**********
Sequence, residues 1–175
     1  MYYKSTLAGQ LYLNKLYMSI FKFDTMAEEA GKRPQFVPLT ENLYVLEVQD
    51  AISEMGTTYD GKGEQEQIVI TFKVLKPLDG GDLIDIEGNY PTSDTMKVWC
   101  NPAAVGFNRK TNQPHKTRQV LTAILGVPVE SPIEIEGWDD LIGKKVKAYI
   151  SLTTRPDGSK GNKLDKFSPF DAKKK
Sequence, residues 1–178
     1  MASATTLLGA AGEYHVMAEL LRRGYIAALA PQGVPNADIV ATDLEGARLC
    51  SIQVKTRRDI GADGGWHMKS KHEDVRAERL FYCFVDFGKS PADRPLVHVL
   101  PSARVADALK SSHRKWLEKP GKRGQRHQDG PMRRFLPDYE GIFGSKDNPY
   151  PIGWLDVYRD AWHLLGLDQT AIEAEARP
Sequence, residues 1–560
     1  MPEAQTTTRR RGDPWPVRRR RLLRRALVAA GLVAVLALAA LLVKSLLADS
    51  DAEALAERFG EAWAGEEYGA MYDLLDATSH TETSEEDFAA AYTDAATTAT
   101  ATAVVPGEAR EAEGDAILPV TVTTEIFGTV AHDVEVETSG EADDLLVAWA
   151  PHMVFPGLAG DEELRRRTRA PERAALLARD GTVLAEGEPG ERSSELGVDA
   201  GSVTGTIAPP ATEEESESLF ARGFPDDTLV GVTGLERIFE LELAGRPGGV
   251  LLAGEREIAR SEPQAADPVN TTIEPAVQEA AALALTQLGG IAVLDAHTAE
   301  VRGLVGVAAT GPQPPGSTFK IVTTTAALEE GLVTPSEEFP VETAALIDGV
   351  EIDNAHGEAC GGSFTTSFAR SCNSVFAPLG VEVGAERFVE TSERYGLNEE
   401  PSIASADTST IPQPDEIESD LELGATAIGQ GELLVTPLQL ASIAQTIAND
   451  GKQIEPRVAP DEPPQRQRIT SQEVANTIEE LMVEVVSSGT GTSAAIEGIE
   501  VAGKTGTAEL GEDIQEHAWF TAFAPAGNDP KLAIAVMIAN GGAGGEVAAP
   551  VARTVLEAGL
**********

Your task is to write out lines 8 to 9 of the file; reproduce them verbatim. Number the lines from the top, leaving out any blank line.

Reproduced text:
    51  SIQVKTRRDI GADGGWHMKS KHEDVRAERL FYCFVDFGKS PADRPLVHVL
   101  PSARVADALK SSHRKWLEKP GKRGQRHQDG PMRRFLPDYE GIFGSKDNPY